About 20 miles into the States there was a huge roadblock on I 87. A dozen or so cop cars in the median and several lines of cars waiting to proceed southward. There was a sniffer dog walking with his/her handler going up and down the line of stopped cars. I felt a bit nervous, because I know how good a dog’s nose is (ironic for a species that eats poop, but I digress). We were waved on as I showed my passport to the cop. I am surmising that they were looking for Americans who bought pot legally in Canada and were headed back with it.

We had a lovely trip. I didn’t need the CBD chocolate after all.

Coming home, we approached the border. The guard for our queue was female and her skin was black. She addressed us in both official languages (English and French) and was courteous and professional. She asked us where we lived, how long we’d been in the US and if we had anything to declare? I did. I had two bottles of “Heaven’s Door” (Bob Dylan brand Whiskey) and a framed photo that we had shipped to my brother’s place to save on international shipping. She gave me our passports back and said “Have a nice day!”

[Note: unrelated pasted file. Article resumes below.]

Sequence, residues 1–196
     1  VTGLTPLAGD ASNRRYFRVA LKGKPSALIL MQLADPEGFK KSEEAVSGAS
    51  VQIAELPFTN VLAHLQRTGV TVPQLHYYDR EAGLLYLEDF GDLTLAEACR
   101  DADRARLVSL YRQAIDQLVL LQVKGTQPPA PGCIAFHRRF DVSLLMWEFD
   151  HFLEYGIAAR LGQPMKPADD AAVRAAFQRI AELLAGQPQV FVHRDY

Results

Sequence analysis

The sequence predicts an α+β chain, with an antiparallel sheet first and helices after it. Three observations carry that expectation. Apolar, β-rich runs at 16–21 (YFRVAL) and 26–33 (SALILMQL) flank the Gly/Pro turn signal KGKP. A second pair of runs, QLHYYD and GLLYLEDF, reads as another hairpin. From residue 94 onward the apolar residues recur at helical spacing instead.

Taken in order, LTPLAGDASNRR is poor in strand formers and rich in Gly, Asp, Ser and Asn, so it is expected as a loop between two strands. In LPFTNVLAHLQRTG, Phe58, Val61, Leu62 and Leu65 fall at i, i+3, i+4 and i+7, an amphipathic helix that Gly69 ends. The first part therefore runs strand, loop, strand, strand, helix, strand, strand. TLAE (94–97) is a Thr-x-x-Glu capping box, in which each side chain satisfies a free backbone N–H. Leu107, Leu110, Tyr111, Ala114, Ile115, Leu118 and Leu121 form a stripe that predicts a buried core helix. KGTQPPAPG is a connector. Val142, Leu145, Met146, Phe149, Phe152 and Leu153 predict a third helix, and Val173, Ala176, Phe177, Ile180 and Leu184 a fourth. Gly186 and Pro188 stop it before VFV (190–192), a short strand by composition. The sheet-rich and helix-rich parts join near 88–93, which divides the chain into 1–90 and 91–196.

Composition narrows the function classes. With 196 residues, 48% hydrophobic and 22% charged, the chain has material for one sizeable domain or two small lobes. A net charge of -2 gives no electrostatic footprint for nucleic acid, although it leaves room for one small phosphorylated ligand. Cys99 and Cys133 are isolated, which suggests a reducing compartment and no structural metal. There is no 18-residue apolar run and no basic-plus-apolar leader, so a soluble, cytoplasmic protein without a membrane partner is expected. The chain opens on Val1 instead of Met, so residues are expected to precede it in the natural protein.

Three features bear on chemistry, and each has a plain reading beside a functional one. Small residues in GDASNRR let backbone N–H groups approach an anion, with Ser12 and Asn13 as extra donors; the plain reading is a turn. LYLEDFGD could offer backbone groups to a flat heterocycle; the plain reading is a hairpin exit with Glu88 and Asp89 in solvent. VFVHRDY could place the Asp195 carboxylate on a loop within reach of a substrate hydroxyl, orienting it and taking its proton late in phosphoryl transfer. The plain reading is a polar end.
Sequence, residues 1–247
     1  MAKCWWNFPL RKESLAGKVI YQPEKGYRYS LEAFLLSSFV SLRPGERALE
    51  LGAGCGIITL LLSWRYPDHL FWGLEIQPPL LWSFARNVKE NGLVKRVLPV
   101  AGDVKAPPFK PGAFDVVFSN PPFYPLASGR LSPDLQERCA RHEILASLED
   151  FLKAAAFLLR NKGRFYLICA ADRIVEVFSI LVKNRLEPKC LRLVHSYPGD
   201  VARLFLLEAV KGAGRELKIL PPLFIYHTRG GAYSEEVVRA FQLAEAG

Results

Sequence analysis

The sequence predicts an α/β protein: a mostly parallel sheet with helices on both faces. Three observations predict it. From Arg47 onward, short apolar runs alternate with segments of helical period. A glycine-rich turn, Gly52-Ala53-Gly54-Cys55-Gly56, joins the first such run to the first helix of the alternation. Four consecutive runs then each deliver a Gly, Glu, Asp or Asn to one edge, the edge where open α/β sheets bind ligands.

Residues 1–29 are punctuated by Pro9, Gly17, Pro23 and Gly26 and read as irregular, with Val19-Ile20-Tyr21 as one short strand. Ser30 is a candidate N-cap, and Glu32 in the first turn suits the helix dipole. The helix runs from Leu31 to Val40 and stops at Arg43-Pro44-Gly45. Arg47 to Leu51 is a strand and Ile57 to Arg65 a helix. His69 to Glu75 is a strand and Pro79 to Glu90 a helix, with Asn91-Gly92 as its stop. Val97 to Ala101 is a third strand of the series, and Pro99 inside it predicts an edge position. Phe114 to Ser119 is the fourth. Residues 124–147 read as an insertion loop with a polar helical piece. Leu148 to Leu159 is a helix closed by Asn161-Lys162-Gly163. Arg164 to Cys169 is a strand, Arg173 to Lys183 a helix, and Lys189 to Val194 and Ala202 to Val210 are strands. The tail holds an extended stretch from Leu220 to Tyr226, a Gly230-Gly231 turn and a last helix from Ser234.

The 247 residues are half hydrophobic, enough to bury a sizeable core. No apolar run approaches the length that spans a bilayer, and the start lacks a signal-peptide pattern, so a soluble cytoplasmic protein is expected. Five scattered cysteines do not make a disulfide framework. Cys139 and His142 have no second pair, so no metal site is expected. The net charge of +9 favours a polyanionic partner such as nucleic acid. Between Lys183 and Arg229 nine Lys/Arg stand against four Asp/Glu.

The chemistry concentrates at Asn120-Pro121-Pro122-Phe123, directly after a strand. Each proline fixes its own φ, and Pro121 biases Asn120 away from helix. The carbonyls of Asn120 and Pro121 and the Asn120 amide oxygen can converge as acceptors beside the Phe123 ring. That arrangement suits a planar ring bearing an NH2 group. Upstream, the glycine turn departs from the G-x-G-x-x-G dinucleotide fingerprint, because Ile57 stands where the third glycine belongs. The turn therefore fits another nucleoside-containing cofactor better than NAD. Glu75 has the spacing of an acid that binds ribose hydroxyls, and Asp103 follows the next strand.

To quote Paul Simon “Gee, but it’s great to be back home”. If you hear the song as you read that, you’re my kind of person.

“Have A Nice Day” Indeed!